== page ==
U.S. Energy Information Administration compares states’ CO2 emissions
Over the past decade, total energy-related carbon dioxide emissions fell in 32 states and rose in 18, according to a report released by the U.S. Energy Information Administration (EIA). The greatest absolute decrease was attributed to Texas, with the greatest absolute increase was seen in Colorado, the report found.
While a state’s energy profile is affected by many factors including overall size, available fuels, types of businesses, climate and population density, a side-by-side comparison of emission rates can still helpful in determining energy policies.
From 2000 to 2010, Delaware experienced the greatest percentage decrease in emissions at 27.9 percent, or 4.5 metric tons. The greatest absolute decrease was attributed to Texas, with 58.8 million metric tons, or 8.3 percent. The greatest percentage increase was in Nebraska, going up by 16 percent, or 6.6 million metric tons, with Colorado experiencing the greatest absolute increase of 11.8 million metric tons, or 13.9 percent, according to the report.
Variations in these numbers can be attributed to two main factors. States exhibit different emissions profiles based on fuel sources as well as geographic region. For example: Emissions generated by Vermont’s power generation processes are small, 0.1 percent, due to its reliance on nuclear power, but its residential sector share was 22.1 percent, due to the need of residents to heat their homes. This can be compared to Hawaii, which has a residential share of 0.3 percent, due to its minimal heating and cooling requirements.
Another way to understand carbon dioxide emissions is to compare them on a per capita basis. In 2010, Wyoming had a per capita emissions rate of 118.5 metric tons. The report claims this is due to Wyoming’s low population density and cold winters. The second highest emissions levels were from North Dakota at 80.4 metric tons per capita, followed by Alaska with 54.6 metric tons, West Virginia with 54.2 and Louisiana with 49.3. The lowest per capita emissions rates belong to New York at 8.8 metric tons. The report indicates this is due to most residents living in the New York City metropolitan area where most residences are multi-family units that provide efficiencies in terms of heating and cooling.
The scope of the report was limited to carbon dioxide emissions released at the location where fossil fuels are used. It is important to note that fuels are sometimes used in one state to generate electricity that is consumed in another. For the purposes of the report, emissions in that scenario were attributed to the former rather than the latter. The report recognizes its findings would have been different if the analysis attributed “responsibly” for emissions with consumption rather than the production of electricity.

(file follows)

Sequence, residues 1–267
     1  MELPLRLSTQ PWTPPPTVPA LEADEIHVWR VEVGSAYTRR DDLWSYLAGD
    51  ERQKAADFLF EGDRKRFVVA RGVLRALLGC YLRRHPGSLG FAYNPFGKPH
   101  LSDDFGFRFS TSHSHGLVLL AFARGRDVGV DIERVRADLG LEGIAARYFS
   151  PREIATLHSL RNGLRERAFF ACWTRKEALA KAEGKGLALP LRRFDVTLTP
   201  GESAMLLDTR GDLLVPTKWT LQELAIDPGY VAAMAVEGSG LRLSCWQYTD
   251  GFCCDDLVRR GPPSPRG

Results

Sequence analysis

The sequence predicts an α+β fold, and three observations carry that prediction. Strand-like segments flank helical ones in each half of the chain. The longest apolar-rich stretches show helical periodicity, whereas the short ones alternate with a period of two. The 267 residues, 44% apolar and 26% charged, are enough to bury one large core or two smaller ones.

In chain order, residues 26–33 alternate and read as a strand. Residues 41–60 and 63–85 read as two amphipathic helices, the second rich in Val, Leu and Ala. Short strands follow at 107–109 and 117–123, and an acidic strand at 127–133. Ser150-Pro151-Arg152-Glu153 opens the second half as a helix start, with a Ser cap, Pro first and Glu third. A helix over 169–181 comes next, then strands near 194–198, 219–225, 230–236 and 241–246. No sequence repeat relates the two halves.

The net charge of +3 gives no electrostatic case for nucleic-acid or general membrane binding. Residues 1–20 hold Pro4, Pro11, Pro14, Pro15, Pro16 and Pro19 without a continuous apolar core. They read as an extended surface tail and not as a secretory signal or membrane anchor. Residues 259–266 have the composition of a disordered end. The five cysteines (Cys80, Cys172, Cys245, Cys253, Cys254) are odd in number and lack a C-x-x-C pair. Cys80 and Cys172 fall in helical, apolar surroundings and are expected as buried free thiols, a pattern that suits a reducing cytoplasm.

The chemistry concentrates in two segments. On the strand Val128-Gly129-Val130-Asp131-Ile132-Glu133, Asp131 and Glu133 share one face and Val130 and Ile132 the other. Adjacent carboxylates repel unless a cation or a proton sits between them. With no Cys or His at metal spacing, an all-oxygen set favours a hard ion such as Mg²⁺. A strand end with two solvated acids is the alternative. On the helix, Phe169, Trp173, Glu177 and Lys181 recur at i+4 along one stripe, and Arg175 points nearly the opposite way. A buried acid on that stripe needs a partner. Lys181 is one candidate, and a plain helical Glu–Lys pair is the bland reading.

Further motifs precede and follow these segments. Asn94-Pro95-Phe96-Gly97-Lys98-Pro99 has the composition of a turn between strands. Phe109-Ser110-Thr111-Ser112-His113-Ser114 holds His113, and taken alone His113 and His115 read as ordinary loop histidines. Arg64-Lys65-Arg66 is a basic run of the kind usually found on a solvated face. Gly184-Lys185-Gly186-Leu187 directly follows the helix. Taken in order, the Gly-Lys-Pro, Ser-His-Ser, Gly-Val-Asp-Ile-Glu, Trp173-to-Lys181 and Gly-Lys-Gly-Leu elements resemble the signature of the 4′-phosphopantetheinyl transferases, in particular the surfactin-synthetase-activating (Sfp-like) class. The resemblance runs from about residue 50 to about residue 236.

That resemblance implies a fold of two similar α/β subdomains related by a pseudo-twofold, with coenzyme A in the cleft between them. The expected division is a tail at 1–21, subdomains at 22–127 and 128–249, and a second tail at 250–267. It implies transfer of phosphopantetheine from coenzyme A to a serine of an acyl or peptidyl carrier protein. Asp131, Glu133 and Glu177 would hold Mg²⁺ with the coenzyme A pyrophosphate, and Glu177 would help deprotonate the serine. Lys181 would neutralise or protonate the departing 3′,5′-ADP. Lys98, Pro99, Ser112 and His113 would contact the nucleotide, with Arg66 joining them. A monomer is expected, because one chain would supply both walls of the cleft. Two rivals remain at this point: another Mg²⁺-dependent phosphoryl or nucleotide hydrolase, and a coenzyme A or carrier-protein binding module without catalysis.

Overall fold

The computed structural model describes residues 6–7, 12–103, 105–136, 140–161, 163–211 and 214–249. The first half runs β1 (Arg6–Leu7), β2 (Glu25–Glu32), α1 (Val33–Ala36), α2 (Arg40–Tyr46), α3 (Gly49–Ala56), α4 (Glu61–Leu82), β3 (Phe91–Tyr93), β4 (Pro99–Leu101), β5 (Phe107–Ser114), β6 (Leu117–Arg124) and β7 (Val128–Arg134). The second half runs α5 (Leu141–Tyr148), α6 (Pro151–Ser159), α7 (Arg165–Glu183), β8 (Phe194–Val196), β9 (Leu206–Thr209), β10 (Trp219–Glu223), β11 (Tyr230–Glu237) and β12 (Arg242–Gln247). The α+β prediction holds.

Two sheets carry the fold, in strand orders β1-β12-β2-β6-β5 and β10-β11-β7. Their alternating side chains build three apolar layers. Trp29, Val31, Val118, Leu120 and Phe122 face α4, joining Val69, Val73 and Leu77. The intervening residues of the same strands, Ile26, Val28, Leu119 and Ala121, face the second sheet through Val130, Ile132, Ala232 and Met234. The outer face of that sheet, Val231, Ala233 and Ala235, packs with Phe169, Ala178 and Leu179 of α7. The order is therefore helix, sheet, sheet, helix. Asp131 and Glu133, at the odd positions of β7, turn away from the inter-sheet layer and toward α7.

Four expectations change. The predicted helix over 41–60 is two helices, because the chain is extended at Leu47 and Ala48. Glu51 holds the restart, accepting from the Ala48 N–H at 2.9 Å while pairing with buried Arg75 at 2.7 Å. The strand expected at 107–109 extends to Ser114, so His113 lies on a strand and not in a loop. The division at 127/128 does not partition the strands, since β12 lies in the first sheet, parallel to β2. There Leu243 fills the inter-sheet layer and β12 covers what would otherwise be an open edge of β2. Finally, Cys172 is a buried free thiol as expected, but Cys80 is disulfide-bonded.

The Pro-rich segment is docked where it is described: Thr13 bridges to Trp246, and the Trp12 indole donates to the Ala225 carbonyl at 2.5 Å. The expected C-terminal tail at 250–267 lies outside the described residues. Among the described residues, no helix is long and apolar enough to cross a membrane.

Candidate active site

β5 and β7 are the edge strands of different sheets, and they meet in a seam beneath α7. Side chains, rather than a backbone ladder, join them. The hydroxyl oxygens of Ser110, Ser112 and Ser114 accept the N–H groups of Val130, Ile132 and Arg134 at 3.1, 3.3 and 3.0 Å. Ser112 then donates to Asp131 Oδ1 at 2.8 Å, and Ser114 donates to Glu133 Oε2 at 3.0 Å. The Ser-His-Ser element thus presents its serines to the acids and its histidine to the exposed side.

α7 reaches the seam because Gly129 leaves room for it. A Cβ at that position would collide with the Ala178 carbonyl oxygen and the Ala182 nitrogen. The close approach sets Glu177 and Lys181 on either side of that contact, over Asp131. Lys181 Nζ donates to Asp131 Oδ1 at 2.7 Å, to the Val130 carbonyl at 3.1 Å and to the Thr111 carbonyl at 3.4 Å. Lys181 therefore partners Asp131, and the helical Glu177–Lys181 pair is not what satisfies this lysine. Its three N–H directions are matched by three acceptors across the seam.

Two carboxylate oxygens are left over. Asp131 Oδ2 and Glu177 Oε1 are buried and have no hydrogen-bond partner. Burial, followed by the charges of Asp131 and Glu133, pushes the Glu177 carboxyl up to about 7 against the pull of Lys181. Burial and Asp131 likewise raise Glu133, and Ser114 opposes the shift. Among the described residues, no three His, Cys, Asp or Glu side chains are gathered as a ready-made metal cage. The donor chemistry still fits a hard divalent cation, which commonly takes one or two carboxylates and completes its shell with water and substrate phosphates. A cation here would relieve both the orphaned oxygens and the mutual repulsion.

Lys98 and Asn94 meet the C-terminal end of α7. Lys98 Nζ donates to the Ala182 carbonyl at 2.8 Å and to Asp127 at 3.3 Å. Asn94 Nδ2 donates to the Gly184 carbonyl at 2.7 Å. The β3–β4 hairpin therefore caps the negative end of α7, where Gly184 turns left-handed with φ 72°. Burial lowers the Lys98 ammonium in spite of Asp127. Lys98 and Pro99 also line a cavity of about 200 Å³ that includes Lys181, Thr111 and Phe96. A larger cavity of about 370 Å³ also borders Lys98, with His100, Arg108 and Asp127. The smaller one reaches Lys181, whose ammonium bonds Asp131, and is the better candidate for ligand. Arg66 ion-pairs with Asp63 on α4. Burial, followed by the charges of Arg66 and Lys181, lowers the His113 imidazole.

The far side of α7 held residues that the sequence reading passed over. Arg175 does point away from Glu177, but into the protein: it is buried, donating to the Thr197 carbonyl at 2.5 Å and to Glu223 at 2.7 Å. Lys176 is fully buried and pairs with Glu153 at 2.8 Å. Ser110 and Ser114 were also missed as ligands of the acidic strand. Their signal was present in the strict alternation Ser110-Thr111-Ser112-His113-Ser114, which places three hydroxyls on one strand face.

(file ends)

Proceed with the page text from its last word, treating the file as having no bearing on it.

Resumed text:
In 2011, carbon dioxide emissions were responsible for 84 percent of all U.S. greenhouse gases, according to the Environmental Protection Agency (EPA). The main human activity that relates to carbon dioxide emissions is the combustion of fossil fuels. The generation of electricity made up 38 percent of carbon dioxide emissions in the U.S. from 1990 to 2011.
The EPA suggests four ways to reduce carbon dioxide emissions: Using energy more efficiently, conserving energy, switching fuels and implementing new Carbon Capture and Sequestration (CCS) technologies, which trap greenhouse gasses underground.
Improving the insulation of buildings, choosing fuel-efficient vehicles and using more efficient electrical appliances are all ways to reduce carbon dioxide emissions, according to the EPA. Local governments can implement these tactics in order to scale back greenhouse gas emissions.
Similarly, energy conservation policies such as powering down machinery and lighting when not in use can make a difference in carbon dioxide emissions, according to the EPA. Installing equipment like dimmer switches and timers in government facilities can aid in this process.
Fuel switching is another means to reduce carbon footprints. By producing energy from renewable sources such as solar, wind and hydroelectric, instead of burning fossil fuels, a community can cut down on its emissions, according to the EPA.
CCS is a set of technologies that could potentially reduce carbon dioxide emissions from coal and gas fired power plants, industrial processes and other stationary sources of greenhouse gasses, according to the EPA. During the CCS process, carbon dioxide is captured, compressed in a pipeline and injected a mile or more underground into porous rock covered by harder layers, preventing the gasses from migrating into the atmosphere.
While CCS technologies are new, they are already being applied successfully. The Valero refinery in southeast Texas launched a CCS operation in December of 2012, with a second system coming online in March. To date, they have extracted 222,000 tons of carbon dioxide, according to a Houston Chronicle report. The extracted gas is compressed and piped to the West Hastings oil field where it will be pumped underground where it can be indefinitely stored as well as aid extracting more crude oil.